That’s the kind of writer I started out as, anyway.
The first essay I wrote (and submitted…poor editors) was a cathartic experience, in which I hardly glanced back even to edit. And, the novel I’m working on right now poured onto my computer screen during a frenzied dash to win a NaNoWriMo banner in 2009. Or, was it 2008? It’s a little murky now, sort of like that first draft.
But lately, I’ve been reading James Scott Bell’s book on plot and structure, and I’m discovering a middle ground between writing a first draft with one eye open and pre-planning a story scene by scene. Bell’s book gives writers a look at the basics of plot and story structure, using a set of principles he calls “the LOCK system.: Lead, Objective, Confrontation, and Knockout.
“That novel,” as I affectionately call it, still needs a lot of work, so I picked up this book with the aim of applying it to my draft — to see what I was missing, figure out what might be holding me back. What I’m discovering is that, even though I haven’t finished Bell’s book, understanding the LOCK system is changing the way I see this WIP (in a good way) and giving me new insight on how I approach all of my fiction.
Seeing how my novel incorporates the four LOCK principles, I’m more confident that the plot can work. More interesting, though, is the new perspective I have on an upcoming short story deadline. I was invited to join a group of writers and contribute a 10,000 word story to an anthology, and now there’s more than a self-imposed deadline looming on my calendar. This short story will stretch my skills as a writer, I’m sure, and I love a challenge (she says, knees shaking). If this were pre-Bell days, I would sit down with a main character and a first line and go with them, face my fears and see what happens. This time, though, I’m brainstorming more before I write, thinking through the lead and his objective, considering confrontations and a possible Knockout ending.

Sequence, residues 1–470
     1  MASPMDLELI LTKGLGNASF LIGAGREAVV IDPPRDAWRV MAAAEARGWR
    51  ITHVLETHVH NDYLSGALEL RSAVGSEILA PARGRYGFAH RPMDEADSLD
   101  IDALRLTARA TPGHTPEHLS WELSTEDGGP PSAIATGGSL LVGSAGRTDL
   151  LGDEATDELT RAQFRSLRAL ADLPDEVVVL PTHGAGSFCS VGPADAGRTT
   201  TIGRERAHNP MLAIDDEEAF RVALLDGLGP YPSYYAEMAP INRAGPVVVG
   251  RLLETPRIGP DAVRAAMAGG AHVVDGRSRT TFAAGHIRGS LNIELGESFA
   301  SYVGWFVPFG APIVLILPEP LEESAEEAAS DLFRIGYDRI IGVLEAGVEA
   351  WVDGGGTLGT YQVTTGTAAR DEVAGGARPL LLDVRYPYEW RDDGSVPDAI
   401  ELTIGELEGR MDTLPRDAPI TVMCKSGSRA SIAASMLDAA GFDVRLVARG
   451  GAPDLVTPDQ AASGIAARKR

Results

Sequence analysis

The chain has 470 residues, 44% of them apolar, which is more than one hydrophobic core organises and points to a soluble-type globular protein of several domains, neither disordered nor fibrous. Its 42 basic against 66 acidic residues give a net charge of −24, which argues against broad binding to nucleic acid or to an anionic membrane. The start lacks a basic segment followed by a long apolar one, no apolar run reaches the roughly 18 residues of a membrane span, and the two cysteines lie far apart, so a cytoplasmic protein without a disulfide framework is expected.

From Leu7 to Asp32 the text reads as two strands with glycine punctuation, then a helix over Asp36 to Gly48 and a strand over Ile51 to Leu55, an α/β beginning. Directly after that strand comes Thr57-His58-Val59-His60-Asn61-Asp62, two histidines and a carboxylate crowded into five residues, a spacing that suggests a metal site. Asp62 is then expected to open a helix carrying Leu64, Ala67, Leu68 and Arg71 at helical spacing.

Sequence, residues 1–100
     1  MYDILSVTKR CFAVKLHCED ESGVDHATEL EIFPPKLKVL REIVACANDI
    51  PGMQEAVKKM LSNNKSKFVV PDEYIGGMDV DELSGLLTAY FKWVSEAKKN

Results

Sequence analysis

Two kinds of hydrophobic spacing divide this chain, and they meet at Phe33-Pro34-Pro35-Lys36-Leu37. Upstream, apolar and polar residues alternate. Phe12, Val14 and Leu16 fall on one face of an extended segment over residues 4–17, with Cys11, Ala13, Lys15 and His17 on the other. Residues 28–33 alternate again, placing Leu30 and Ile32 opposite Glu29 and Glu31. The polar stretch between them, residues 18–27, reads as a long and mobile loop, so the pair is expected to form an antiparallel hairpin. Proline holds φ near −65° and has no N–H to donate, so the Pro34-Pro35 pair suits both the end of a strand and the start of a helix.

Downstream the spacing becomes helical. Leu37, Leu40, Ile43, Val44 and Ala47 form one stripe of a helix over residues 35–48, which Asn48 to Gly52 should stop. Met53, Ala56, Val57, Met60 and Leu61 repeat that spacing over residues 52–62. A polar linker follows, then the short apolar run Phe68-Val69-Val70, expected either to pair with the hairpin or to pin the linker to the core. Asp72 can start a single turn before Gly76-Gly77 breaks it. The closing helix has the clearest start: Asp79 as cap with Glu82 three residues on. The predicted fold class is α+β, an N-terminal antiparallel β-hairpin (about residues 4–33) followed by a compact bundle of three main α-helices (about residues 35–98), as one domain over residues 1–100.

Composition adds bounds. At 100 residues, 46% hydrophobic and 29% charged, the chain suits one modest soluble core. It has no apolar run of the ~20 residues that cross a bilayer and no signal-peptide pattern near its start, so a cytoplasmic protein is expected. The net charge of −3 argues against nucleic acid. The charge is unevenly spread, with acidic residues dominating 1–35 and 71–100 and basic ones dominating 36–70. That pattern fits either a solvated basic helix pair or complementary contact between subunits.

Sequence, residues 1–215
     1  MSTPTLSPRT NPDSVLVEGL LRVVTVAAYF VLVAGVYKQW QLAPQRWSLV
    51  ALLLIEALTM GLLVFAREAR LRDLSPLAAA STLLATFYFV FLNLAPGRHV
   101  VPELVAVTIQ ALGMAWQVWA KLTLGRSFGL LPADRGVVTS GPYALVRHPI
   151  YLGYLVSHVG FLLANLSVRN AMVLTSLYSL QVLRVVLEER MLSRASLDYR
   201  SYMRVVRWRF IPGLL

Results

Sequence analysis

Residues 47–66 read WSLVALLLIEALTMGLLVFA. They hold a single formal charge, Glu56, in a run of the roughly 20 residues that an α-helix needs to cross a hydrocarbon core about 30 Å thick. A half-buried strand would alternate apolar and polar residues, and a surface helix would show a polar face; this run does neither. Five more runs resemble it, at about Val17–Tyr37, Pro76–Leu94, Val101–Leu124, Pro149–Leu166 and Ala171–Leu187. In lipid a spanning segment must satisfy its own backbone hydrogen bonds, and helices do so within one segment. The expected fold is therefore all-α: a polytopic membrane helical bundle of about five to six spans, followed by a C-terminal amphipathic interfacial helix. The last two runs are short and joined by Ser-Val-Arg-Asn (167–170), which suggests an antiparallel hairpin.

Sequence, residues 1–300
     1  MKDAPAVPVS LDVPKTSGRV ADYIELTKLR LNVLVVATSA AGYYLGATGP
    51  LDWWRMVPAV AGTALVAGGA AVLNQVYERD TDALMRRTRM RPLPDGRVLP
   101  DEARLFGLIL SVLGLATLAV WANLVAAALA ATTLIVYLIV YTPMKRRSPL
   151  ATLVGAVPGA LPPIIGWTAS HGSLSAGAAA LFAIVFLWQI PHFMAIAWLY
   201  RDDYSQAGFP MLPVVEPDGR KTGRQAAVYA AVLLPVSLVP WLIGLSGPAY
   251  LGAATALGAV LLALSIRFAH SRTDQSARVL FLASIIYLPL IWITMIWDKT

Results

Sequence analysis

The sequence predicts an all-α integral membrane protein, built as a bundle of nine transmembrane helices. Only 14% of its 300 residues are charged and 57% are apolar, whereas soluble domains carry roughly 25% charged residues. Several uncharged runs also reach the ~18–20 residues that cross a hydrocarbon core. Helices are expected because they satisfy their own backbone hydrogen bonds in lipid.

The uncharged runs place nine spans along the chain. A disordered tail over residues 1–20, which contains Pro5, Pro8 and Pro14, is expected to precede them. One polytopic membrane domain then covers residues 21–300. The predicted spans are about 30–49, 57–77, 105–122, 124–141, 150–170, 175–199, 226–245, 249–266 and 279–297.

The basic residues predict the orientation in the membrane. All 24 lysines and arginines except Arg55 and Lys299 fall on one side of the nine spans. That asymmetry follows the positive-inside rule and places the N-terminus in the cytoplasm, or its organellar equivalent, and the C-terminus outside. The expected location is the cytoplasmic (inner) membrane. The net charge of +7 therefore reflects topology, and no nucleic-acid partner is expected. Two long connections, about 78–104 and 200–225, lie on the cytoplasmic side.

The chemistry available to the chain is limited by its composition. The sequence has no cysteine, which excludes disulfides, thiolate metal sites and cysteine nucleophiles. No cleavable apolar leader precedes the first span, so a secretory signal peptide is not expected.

Whether or not pre-planning will change the outcome of the story, I don’t know. And, I’m not giving up on writing by the seat of my pants completely. There’s something about this simple planning, though, that gives me a teeny bit of confidence as I approach this story. And, maybe…just maybe…all the “thinking time” (as Roz Morris calls it in her excellent book, Nail Your Novel) will mean less time at my computer.
Since finding time to sit and write at my laptop seems almost impossible these days, I’ll take the “writing” however it comes.
Has your approach to crafting your stories changed lately?